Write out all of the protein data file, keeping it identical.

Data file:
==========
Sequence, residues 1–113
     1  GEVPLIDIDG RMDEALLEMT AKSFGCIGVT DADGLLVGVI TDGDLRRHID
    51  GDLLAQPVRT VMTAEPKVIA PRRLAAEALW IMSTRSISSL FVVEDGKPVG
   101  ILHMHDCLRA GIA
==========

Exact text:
Sequence, residues 1–113
     1  GEVPLIDIDG RMDEALLEMT AKSFGCIGVT DADGLLVGVI TDGDLRRHID
    51  GDLLAQPVRT VMTAEPKVIA PRRLAAEALW IMSTRSISSL FVVEDGKPVG
   101  ILHMHDCLRA GIA